Inside Jokes

My brother calls me Michelle (he pronounces it Mee-chelle).  We once knew someone named Mike Limbskull (not a real person).  He says the word 'snuffles' and I know who he's talking about (someone from a long time ago).  We camped in Wyoming last year, he's the best uncle in the world to my kids and he knows how to ask me those personal questions to plunge a bit deeper into my heart.  He's my best friend and I don't know what I'd do without him.

I want you to take a moment to really reflect on this question: do you have a best friend?  I'm not intending to shame or judge if you don't, but it's an important question.  There's a longing in all of our hearts to be known (Thompson, 2010).  I'm sure you've heard that statement before but do you actually sit with that ache?  Is that desire answered in your heart in practical ways?  It's rooted in scripture, psychology and neurobiology: it is not good for man to be alone.  Who sees you for the strong, beautiful person you are?  

A sex addict walks into my office.  He has tried podcasts, confession (through the screen), and lots of hard thinking to break his addiction.  Or let's reverse the scenario.  A wife comes into my office, betrayed by her husband through an affair.  She has vowed not to tell her friends due to scandalizing them and then she reads as many books as she can to 'figure it out.'  Sounds lonely.  In that first session I propose that community, group and connection are what will heal.  Sometimes they don't come back for another session.  Thompson (2010) says, "The prescription is putting yourself out there to a friend, the side effect is the possibility that person won't care."  I'm not using this quote to validate my feelings when someone leaves therapy, but the fear and possible shame of a client (or me) reaching out to be known.  "We're looking for someone looking for us," Curt says.  

Randy Randy Max Anderson.  My brother gets it.  And when he gets it, laughs and connects with me through his witty banter, our brains literally rewire.  The relational part of the brain fires, the right hemisphere lights up and sends a response to the body.  The body responds and my brother sees this which effects a response in his brain.  A brain needs another brain to function.  It's a social organ.  This connection seems timeless, like sitting at a baseball game at Wrigley Field, not knowing how long the game will last and not really caring.  It's this deep connection we long for and it's available to you.  Write yourself a prescription for a best friend, but know the possible side effect.  And if the side effect comes true, try again.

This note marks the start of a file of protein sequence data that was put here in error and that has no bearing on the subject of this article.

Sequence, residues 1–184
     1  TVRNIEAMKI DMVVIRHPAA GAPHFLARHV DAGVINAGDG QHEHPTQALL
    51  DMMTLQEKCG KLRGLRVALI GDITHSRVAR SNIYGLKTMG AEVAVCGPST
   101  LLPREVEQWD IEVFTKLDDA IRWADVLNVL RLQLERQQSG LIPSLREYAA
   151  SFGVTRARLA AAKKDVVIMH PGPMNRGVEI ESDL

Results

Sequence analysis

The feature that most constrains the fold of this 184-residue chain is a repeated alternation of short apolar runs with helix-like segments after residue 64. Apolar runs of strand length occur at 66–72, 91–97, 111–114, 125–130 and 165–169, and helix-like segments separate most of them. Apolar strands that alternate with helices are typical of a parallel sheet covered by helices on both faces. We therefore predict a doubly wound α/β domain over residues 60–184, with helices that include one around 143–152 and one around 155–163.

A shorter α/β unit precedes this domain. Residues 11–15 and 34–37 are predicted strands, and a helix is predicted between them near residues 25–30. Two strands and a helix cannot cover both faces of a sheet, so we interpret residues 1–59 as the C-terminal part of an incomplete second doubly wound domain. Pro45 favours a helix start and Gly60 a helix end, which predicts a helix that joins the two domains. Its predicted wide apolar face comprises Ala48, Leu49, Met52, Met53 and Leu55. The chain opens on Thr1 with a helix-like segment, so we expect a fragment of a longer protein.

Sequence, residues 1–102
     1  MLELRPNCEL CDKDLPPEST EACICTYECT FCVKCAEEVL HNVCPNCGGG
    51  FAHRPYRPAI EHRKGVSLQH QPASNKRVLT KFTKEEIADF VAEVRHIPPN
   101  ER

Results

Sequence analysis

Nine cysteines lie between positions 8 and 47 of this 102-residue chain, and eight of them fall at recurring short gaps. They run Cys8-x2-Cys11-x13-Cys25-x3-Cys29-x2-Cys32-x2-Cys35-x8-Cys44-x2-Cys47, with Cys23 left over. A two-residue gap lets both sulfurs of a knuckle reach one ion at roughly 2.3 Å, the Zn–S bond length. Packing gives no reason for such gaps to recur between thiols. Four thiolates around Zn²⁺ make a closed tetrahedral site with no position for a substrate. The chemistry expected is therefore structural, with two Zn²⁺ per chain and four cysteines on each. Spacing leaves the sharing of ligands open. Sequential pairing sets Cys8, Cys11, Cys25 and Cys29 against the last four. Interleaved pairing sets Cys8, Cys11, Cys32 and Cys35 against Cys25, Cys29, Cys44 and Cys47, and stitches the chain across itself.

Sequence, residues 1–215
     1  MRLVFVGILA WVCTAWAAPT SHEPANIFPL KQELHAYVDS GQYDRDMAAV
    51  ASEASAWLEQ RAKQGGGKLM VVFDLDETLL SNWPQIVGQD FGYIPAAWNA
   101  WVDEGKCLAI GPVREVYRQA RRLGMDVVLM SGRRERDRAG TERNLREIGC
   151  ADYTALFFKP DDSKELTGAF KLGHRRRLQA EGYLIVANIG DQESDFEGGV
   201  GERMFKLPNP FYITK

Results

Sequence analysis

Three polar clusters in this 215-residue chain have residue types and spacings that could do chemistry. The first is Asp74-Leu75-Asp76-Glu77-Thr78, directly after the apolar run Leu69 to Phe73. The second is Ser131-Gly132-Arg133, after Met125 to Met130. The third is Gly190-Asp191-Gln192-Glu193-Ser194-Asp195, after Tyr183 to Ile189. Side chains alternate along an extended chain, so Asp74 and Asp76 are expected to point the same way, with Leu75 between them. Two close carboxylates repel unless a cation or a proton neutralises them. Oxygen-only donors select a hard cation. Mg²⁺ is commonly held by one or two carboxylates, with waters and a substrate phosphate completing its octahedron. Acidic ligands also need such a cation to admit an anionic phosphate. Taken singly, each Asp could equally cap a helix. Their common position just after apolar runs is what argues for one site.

When I was in the seminary at Mundelein, a young man took his life, in his dorm room.  My spiritual director lived on that floor and found him the next morning.  Father said Mass the next day and gave a homily I will never forget.  He was angry and it went something like this, "We're all looking for a best friend!  We all want someone to know us and enter into our life in a profound way.  Reach out!  Ask how your brother is doing.  Don't be afraid to be vulnerable!"  This priest was a Jesuit and knew what it took to enter into relationship.  It's a great risk and includes suffering.

Sparky the gerbil.  He'd run around the house in his little enclosed, space ball.  Only my brother remembers this.  So I write this blog not so much as an inspiring spiritual, psychological proposal.  But with the simple intention of setting out on a journey to find and receive friendship.  


Michael Ciaccio MS, LPC, SATP  


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